“An ‘equality paradise’ should not have a 21% wage gap and 40% of women experiencing gender-based or sexual violence in their lifetime,” said one organizer.
Schools, health systems, and television broadcasters in Iceland were among the businesses that said they would have to close or reduce services on Tuesday due to the country’s first full-day women’s strike in nearly 50 years—potentially helping to prove the point that tens of thousands of women and non-binary workers are hoping to make by demonstrating that their labor is vital and must be paid accordingly.
Prime Minister Katrín Jakobsdóttir is among the women taking part in the “kvennafrí,” or “women’s day off,” and told reporters she expects women in her cabinet to strike as well, as organizers push to close Iceland’s gender pay gap and end gender-based violence.
While Iceland has been recognized for 14 straight years as having the smallest gap in gender equality among the countries in the World Economic Forum’s annual rankings, strike organizer Freyja Steingrímsdóttir toldThe Guardian it is hardly an “equality paradise,” and women are demanding greater action from the government to ensure true parity.
On average, Icelandic women still earn about 10% less than men, and as much as 21% less in some professions. Forty percent of women report experiencing gender-based violence.
“An ‘equality paradise’ should not have a 21% wage gap and 40% of women experiencing gender-based or sexual violence in their lifetime,” said Steingrímsdóttir, communications director for the Icelandic Federation for Public Workers. “That’s not what women around the world are striving for.”
Taking place 48 years after the last full-day women’s strike, in which 25,000 people rallied in Reykjavík and 90% of women staged a work stoppage affecting paid and unpaid labor, this year’s protest has adopted the slogan, “Kallarðu þetta jafnrétti?” or “You call this equality?”
Icelandic President Gudni Th. Johannesson expressed his support for the strike, saying women’s “activism for equality has changed Icelandic society for the better and continues to do so today.”
Women in Iceland are striking today, for the 7th time since the famous #womensdayoff in 1975. Their activism for equality has changed Icelandic society for the better and continues to do so today. #Kvennaverkfall pic.twitter.com/prCZrqP3EJ— President of Iceland (@PresidentISL) October 24, 2023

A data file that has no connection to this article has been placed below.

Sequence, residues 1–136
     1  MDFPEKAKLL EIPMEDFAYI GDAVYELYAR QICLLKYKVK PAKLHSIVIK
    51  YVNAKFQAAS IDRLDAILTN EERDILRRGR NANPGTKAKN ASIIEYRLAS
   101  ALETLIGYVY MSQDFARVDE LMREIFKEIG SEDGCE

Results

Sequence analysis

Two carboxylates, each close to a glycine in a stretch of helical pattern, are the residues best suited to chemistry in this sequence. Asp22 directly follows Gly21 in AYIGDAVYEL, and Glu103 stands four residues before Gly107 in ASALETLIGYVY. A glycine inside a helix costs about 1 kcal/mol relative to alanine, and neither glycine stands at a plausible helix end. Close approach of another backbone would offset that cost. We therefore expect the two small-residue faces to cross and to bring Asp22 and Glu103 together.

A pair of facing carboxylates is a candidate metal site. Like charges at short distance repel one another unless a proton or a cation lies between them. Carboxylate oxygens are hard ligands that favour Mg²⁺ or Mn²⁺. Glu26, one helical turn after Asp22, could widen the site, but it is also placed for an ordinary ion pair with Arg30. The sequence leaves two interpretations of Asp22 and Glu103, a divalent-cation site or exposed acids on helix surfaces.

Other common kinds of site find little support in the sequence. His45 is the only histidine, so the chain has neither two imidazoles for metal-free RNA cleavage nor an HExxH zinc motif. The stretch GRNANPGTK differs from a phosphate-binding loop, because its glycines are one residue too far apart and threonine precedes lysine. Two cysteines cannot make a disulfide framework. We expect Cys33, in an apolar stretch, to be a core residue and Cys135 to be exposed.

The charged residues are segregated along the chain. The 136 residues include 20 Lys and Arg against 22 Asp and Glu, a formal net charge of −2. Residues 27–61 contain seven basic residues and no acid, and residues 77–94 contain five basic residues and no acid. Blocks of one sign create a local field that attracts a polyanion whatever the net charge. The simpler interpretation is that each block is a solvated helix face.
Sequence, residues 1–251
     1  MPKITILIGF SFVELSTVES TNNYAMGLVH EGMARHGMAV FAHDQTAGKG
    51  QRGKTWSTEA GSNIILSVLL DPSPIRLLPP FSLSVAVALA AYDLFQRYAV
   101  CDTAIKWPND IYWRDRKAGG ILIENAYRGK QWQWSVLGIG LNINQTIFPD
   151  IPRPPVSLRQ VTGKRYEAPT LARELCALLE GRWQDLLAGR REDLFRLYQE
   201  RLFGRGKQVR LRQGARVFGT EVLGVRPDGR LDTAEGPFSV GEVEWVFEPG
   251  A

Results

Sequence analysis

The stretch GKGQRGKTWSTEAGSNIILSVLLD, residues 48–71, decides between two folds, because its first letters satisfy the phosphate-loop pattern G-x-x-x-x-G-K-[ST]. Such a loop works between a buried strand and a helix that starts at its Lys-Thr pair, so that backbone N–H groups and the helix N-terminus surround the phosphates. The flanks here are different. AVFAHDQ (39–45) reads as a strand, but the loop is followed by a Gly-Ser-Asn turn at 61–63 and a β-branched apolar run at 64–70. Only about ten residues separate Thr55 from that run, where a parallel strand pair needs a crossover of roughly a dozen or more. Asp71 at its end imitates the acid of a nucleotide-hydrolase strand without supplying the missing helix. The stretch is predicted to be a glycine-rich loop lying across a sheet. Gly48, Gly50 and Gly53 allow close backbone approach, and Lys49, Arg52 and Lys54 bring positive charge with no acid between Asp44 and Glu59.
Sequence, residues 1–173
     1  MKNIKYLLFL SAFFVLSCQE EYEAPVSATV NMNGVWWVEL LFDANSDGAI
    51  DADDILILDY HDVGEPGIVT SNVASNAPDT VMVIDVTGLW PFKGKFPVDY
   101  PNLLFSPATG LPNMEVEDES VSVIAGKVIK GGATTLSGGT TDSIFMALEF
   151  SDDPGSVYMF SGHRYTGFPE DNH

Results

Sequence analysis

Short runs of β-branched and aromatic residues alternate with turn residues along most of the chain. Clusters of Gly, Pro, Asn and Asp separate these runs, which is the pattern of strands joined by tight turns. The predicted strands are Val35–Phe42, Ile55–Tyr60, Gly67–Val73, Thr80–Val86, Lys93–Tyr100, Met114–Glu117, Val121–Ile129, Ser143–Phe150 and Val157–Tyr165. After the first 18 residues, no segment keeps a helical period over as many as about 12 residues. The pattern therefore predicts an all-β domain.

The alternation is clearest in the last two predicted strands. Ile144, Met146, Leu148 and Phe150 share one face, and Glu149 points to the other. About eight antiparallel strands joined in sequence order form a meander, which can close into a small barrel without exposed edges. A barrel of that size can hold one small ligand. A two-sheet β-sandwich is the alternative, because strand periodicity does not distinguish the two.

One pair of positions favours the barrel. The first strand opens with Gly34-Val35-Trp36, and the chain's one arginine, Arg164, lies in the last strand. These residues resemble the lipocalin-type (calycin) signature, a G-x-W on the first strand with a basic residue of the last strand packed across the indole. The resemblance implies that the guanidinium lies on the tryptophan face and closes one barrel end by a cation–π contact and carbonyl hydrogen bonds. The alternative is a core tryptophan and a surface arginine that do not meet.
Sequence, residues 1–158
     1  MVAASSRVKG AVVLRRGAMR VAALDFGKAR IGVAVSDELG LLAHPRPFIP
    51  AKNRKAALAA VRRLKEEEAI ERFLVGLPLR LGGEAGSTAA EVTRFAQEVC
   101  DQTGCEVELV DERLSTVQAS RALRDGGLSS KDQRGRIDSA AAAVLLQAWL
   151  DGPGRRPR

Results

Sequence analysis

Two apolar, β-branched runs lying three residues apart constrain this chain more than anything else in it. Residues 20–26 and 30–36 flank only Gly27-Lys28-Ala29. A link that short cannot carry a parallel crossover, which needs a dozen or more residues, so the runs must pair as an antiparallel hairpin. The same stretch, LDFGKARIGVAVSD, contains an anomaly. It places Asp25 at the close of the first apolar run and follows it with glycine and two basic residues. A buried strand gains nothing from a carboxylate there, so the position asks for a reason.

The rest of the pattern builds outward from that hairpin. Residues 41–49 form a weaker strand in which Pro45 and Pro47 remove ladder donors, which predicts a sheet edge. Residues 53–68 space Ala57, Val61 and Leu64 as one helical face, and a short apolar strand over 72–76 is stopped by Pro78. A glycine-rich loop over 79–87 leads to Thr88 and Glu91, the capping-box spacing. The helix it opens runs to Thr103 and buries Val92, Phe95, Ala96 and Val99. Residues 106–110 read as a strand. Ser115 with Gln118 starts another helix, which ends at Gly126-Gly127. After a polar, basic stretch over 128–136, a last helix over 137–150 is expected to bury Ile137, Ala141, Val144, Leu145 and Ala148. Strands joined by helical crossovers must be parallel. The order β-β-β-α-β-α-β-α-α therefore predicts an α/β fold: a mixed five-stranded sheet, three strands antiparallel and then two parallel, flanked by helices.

The country’s trade unions—which count 90% of Icelandic workers as members—are key organizers of the action and are calling on women and nonbinary workers to join the strike.
The 1975 action was tied to passage of an equal rights law the following year and the election of the country’s first female president—the first woman to be democratically elected president in any country—in 1980. Other successes have followed in recent years, such as the passage of a law that requires some companies to prove they’re paying people of different genders equally for equal work.
Former Climate Minister Kolbrún Halldórsdóttir told The Guardian that men continue to fail to take responsibility for domestic labor, leaving unpaid work such as childcare to women who are also attempting to succeed in the workplace.
“If you look at it economically women seem to be punished for taking these extra burdens, which is not righteous,” Halldórsdóttir told the outlet. “It’s something that we need to look into and need to change.”
Organizers are calling for the wages of workers in female-dominated professions to be made public and for the federal government to take greater action against gender-based violence, ensuring perpetrators are held accountable. One 2018 University of Iceland study found that only 12% of survivors of sexual assault press charges, and those who do have their cases dismissed nearly 75% of the time. Women told researchers they feared the “shame, guilt, and condemnation” that would come with having their cases tried in the justice system.
“We are now trying to connect the dots, saying that violence against women and undervalued work of women in the labor market are two sides of the same coin and have an effect on each other,” Drífa Snædal, spokesperson for Stígamót, an anti-sexual violence group, told The Guardian.
Kate Jarman, a director of corporate affairs at a National Health Service hospital in the United Kingdom, said a similar women’s strike in the U.K. would force numerous workplaces with majority-female staff to “recognize our worth.”
If a women’s strike happened in the UK, the entire health, care & education system would stop cos they are all majority female workforces. As would the majority of unpaid domestic labour & the unpaid labour of care. Recognise our worth. Close the pay gap.https://t.co/Qf3x3AgHP5— Kate Jarman (@KateBurkeNHS) October 24, 2023
The Left in the European Parliament also expressed support for the action.The Left in the European Parliament also expressed support for the action.
♀️Women & non-binary people are striking in Iceland to demand equal pay & an end to gender based violence.— The Left in the European Parliament (@Left_EU) October 24, 2023
Despite 🇮🇸 being a global leader on gender equality:
✖️Gender pay gap is 21%
✖️40% of women experience GBV
✊ Solidarity with the strikers!https://t.co/tdHd31P8iJ
“Solidarity with the strikers,” the progressive political party said.
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